Bank Safely with JSSB
In a world of hacking, phishing, fraud, and ransomware, JSSB stands as your partner for financial security with online and in-person transactions.
JSSB fortifies your online banking with a technology called Secure Socket Layer (SSL) encryption.

This is spotted when you see "https" rather than "http" at the beginning of our web address.  You may also notice the address bar is green.  This means the site is secure and encrypted.

Here's How You Can Help:
  • Use an unique complex password with a mixture of numbers, special characters, and capital letters.
  • If you are suspicious about a JSSB security issue, call us at 888.412.5772 or contact your local branch.
  • Always "log out" from your online account at the end of a session.
  • We will never contact you in any way for your banking password, pin number, or any other sensitive information through an email or phone call. Never give out this information!
And, we want to help you be safe everywhere online, not just when using the JSSB website. Here are some additional tips to help keep your information and accounts secure:
  • Always keep your computer's operating system and anti-virus software updated. These updates are your first lines of defense in protecting your system. You should run scans on your computer at least weekly.
  • Think before you click. Navigating to unknown/untrusted hyperlinks is one of the easiest ways to encounter malicious software. Always hover over a link before you click on it to see where it will take you. If you believe the link is secure, navigate to the site manually through your web browser, rather than by clicking the link.
  • Be skeptical of Email attachments. They can carry malware and viruses. Even if the message is from someone you know, the person's account may have been hacked. Scan attachments before you open them.
  • Protect your personal information. People often attempt to use social engineering to get others to reveal personal details online. Be especially wary when using message boards and social media sites.
  • Don't use open Wi-Fi. With no password or encryption, open networks aren't secure.
  • Back up your files to prevent losing them if something happens to your computer.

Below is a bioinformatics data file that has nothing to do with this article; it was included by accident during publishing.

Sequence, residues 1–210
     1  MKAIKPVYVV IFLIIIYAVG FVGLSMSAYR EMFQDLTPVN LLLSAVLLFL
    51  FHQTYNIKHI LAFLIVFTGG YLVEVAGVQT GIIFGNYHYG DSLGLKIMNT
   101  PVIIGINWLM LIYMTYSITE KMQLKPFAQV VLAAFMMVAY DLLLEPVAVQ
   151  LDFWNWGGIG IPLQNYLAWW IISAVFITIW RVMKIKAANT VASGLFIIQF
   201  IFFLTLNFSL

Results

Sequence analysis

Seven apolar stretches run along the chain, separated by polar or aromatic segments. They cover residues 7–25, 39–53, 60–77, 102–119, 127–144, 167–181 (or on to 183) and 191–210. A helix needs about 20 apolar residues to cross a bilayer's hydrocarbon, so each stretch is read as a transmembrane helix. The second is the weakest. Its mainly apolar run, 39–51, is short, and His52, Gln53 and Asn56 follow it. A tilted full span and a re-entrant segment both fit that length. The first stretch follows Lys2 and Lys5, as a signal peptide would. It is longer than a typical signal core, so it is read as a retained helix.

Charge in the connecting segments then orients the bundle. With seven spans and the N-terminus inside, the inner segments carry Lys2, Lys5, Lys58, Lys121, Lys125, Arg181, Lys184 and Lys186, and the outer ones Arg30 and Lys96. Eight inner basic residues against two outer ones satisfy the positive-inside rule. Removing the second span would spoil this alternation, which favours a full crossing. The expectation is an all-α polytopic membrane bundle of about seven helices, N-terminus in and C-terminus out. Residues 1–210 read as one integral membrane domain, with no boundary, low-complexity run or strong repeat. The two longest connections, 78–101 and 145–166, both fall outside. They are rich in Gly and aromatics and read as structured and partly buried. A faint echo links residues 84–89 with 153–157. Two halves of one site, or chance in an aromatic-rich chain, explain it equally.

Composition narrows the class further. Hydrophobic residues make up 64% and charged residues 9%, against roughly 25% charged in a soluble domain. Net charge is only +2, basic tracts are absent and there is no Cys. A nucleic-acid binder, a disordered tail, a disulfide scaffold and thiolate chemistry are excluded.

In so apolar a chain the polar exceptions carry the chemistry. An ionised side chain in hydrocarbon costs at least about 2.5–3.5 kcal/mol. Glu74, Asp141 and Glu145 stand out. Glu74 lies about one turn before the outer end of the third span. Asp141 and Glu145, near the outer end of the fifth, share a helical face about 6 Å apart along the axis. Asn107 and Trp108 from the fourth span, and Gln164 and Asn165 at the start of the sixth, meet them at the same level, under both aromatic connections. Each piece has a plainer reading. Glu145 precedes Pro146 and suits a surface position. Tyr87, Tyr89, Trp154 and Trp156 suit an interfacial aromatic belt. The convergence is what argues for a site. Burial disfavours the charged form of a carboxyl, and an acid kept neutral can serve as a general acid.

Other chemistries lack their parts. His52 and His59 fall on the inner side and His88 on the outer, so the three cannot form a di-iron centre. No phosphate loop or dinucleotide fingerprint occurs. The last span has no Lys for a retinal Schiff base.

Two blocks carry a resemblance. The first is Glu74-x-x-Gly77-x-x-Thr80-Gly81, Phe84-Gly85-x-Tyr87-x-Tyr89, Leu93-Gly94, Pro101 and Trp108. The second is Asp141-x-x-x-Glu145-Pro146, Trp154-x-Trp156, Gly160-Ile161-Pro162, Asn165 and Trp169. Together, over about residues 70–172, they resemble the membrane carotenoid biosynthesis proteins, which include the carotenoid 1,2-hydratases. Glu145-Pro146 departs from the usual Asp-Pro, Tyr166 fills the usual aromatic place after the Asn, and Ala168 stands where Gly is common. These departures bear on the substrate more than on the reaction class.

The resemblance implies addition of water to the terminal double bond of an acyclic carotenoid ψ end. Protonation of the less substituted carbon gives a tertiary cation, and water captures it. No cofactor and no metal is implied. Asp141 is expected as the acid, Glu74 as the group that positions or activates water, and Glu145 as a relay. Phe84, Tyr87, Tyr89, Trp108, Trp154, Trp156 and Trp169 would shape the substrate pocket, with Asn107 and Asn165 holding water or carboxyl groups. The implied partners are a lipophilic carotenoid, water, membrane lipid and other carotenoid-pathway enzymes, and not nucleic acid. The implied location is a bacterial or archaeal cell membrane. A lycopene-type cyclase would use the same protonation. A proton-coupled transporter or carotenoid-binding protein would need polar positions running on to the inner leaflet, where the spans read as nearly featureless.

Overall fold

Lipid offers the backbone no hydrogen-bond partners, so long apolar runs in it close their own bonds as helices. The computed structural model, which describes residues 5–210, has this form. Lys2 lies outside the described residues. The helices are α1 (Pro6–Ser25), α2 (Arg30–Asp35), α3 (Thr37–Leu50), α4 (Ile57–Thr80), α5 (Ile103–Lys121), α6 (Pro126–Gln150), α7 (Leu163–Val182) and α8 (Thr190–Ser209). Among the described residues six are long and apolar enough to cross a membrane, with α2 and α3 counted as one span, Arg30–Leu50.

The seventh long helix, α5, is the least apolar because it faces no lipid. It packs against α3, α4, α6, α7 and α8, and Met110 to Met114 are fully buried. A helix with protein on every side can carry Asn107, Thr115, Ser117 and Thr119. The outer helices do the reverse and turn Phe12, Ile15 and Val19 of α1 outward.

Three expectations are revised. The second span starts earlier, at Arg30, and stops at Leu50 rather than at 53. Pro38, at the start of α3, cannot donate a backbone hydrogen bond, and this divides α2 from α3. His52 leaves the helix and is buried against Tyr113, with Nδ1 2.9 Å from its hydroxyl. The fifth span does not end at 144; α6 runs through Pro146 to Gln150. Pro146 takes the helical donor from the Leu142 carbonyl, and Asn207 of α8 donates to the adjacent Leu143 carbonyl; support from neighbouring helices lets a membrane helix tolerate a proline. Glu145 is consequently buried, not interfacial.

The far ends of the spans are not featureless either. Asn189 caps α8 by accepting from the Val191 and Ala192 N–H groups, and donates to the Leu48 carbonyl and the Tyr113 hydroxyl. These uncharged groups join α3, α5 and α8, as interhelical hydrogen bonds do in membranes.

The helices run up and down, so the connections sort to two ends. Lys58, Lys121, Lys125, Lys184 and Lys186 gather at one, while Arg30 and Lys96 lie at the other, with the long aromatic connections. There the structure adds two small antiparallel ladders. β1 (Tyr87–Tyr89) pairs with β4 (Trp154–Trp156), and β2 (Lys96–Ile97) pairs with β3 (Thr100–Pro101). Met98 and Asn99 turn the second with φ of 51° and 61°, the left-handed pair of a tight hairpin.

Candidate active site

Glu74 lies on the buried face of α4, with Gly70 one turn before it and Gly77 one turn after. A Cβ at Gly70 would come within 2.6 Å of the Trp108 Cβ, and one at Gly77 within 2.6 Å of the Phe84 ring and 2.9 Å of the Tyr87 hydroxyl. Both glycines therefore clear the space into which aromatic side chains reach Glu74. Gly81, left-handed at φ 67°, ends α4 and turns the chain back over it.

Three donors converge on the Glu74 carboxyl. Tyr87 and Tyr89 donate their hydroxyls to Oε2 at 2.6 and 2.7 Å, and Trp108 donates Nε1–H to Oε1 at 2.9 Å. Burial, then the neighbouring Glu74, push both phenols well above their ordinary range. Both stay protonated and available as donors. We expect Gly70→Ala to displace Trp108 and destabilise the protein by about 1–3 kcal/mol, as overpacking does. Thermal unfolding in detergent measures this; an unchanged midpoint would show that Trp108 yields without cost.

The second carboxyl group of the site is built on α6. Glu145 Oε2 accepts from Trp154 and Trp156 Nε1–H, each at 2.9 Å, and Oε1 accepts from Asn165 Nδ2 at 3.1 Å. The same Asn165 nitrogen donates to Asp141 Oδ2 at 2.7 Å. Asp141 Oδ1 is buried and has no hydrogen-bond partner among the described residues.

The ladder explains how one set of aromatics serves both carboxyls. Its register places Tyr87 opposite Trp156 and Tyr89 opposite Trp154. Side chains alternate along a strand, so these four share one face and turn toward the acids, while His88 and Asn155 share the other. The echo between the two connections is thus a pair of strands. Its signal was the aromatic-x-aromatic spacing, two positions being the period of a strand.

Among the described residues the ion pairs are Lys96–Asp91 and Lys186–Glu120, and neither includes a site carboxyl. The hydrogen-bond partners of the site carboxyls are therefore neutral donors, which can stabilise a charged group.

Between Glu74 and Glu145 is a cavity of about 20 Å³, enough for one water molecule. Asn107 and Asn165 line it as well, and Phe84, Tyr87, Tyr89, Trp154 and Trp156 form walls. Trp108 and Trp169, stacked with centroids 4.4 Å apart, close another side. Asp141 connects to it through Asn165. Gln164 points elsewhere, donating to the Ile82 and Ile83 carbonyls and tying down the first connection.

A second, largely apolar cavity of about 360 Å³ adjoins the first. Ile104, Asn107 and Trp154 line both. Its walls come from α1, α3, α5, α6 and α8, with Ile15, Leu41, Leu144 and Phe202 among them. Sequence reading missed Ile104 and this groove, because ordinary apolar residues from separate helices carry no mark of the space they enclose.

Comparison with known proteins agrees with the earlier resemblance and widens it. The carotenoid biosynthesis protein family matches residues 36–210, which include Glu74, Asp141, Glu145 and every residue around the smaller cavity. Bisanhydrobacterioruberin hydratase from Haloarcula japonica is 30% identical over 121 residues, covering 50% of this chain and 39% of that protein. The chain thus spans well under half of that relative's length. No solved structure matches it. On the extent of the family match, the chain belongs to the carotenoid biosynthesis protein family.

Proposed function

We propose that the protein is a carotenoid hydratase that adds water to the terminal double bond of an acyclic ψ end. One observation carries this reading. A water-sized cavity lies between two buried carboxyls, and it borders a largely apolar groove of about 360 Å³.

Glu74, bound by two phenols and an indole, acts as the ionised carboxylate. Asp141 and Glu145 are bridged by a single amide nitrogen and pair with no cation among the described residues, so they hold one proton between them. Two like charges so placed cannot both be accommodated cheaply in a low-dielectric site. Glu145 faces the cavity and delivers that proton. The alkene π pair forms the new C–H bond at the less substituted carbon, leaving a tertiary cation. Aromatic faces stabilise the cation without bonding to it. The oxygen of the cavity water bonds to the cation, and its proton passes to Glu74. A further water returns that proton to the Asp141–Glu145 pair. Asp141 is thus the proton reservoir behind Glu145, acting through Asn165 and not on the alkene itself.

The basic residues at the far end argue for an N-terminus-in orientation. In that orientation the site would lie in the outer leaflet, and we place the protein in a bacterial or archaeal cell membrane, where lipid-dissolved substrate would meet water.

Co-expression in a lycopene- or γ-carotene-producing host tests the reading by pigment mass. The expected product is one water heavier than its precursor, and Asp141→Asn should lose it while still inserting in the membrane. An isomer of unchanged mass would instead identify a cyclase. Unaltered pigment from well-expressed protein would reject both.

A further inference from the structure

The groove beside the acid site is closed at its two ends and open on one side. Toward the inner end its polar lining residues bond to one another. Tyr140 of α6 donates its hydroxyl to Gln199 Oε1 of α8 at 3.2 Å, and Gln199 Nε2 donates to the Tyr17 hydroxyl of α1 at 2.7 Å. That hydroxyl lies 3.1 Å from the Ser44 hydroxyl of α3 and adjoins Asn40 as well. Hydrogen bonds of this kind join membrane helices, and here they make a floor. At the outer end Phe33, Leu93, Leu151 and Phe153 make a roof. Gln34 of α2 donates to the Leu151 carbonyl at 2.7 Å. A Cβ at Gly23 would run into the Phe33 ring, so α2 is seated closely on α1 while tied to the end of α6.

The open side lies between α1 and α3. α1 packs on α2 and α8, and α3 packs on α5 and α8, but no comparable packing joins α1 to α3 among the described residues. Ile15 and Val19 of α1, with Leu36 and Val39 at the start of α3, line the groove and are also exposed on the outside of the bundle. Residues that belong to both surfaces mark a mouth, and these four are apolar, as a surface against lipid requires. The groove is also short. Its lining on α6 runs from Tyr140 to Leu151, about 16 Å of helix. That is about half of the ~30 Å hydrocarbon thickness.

• In addition to using strong passwords, create a different password for every site. Many people tend to use the same username and email address for all their online activity. This information is highly visible and normally is one half of a site's authentication process. Using multiple, strong passwords can go a long way in helping to prevent your accounts from being compromised.
  • Surf smart: Aside from hyperlinks and email attachments, malware and viruses also can be disguised as pop-up windows. Some sites will attempt to corner you into clicking "ok" to run a scan or install some type of software. Don't click – and navigate away from these sites.
  • Beware of ads. They're how most malicious software ends up infecting people's computers. These ads may look legitimate but can trick users into clicking/installing something that is dangerous.
  • Ignore infection warnings: These "warnings" often will come to you via emails or pop-up ads that prompt you to install some kind of free software, which, in turn, is malicious.

What is Peer-to-Peer (P2P) Payment Fraud?

Consumers often fall victim to P2P payment fraud when they send funds to the wrong person, often the perpetrator of the attack, who does not hold up his/her end of the transaction. This is due to the fact that the perpetrator is often running a scam.

Another, more rapidly growing, attack style of P2P payment fraud is in the form of an account takeover. An account takeover happens when a user’s credentials are acquired by the fraudster and then used, impersonating the victim, to conduct transactions from the bank account or application.

How to Prevent P2P Payment Fraud:

1. Activate two-factor authentication with P2P payment applications.

2.  Monitor accounts and set up alerting.  Consumers will want to monitor items such as: Dormant accounts suddenly moving cash in and out, unusually high dollar amounts sent, new user/contacts added and change in contact method (phone number, email address, physical address, etc.).

3.  Use smart mobile phone practices:  Create a strong lock screen password that is hard to guess, avoid connecting to public/open Wi-Fi and keeping all application up-to-date.

IC3 - Internet Crime Compliant Center


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